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The truth about statins

By The Health News Team | July 26, 2019
The truth about statins

Low-density lipoprotein, or LDL cholesterol, is known as the “bad” cholesterol, even though — at the right level — it plays an important role in keeping us healthy. LDL cholesterol helps to build healthy cells, create hormones and vitamin D, and digest food.

However, healthy bodies produce just the amount of cholesterol needed. Any extra cholesterol can clog arteries and, if allowed to build up, can lead to heart attack or stroke.

Family history and unhealthy lifestyle choices can lead to high cholesterol

While genetics, age and having diabetes might lead to elevated cholesterol levels, extra cholesterol is commonly due to poor lifestyle choices.
These include:

  • Unhealthy diet — high in sodium and saturated fats, and low in fruits, vegetables and whole grains

  • Lack of exercise

  • Smoking and exposure to secondhand smoke

  • Obesity

Therefore, if you have high cholesterol, your doctor is likely to recommend that you make some lifestyle changes, such as eat a healthy diet, make sure you get at least 30 minutes of exercise most days, quit smoking and maintain a healthy weight. You may also be prescribed statins, a common drug designed to reduce your cholesterol.

Statins lower cholesterol and save lives

Statins block a specific enzyme inside cholesterol-producing cells, resulting in less cholesterol being produced and released into the bloodstream. Statins can also reduce the inflammation caused by high cholesterol within blood vessel walls.

According to the American Heart Association (AHA), statins are the only cholesterol-lowering drug class that has been directly associated with a reduction in the risk of heart attack or stroke. Studies show that roughly 1 in 4 Americans are appropriately prescribed statins; however, not all of those people continue to take their prescribed medications or take the prescribed amount, which can be very problematic.

The benefits of statins far outweigh the risk of side effects

“Unfortunately, some patients do not take their prescribed statins, as they worry about the reported side effects,” says Dr. Andy Dang, a board-certified internal medicine doctor and medical director of population health with Sharp Rees-Stealy Medical Group. “Statins have been shown to lower the blood cholesterol as well as reduce the risk of heart attacks, strokes and death in patients with heart disease.”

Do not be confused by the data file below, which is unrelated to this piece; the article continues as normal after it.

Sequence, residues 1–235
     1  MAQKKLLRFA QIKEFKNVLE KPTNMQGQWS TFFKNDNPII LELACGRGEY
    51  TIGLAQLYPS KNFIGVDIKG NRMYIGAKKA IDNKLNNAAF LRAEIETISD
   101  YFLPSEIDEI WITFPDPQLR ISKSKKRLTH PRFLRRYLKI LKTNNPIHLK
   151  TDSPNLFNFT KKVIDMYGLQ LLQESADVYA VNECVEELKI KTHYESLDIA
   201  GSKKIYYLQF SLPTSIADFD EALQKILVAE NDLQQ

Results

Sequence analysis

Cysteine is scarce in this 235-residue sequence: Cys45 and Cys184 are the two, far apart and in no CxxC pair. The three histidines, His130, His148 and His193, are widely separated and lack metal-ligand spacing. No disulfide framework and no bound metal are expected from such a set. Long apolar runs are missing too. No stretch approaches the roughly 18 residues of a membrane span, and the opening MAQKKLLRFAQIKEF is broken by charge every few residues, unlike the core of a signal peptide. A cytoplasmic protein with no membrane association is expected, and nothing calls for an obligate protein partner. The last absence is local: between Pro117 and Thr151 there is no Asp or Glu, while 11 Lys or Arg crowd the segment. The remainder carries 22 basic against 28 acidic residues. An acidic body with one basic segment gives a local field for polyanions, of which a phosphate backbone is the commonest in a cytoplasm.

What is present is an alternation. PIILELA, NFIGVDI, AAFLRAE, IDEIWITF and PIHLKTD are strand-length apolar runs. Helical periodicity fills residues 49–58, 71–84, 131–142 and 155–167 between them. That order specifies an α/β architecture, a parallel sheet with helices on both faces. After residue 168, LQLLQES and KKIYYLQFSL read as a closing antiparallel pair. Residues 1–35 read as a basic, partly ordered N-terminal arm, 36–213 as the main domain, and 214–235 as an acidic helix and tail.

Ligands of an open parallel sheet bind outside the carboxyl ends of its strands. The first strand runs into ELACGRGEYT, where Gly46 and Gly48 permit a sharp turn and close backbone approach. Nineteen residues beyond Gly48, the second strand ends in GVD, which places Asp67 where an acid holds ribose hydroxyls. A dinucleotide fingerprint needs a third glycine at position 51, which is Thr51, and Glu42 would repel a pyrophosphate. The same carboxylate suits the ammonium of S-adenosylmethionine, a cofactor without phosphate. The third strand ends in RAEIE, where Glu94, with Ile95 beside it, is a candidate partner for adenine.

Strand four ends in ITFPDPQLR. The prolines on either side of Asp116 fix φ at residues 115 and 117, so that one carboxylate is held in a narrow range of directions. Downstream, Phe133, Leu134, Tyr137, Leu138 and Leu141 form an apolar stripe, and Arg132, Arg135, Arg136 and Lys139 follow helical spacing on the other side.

There are a few side effects people associate with statins, but reports are generally grossly exaggerated, and experts are quick to offer a counterbalance to these concerns. Myths about statins include the following:

  • Myth #1: Statins cause muscle pain and weakness.
    Nine out of 10 people taking statins do not report any muscle-related concerns. In the 10% that experience some muscle pain, dosage can usually be adjusted or a different statin can be prescribed.

  • Myth #2: Statins lead to an increased risk for diabetes.
    Blood sugar may slightly increase while using statins, but this is significantly offset by the decreased heart disease risk that statins provide.

  • Myth #3: People who take statins are at an increased risk for dementia.
    Many patients who take statins are of advanced age and any perceived changes in cognition may be due to aging. Statins may actually protect against hardening of the arteries in the brain, often the cause of dementia, thus preventing — rather than causing — dementia.

In general, the American College of Cardiology (ACC) reports that statins are well tolerated and 90% of patients report no side effects. The ACC goes on to recommend that while possible side effects of statins should be considered, the benefits of lowering cholesterol with statins far outweigh the low likelihood of an adverse effect for the vast majority of adults, especially those at high risk of heart attack or stroke.

“Talk to your doctor about the risks and benefits of taking statins,” says Dr. Dang. “Patients taking certain medications are at higher risk for side effects, so they should discuss this with their doctors. However, the beneficial effects of statins on cardiovascular events and mortality usually far outweigh any increased risk.”

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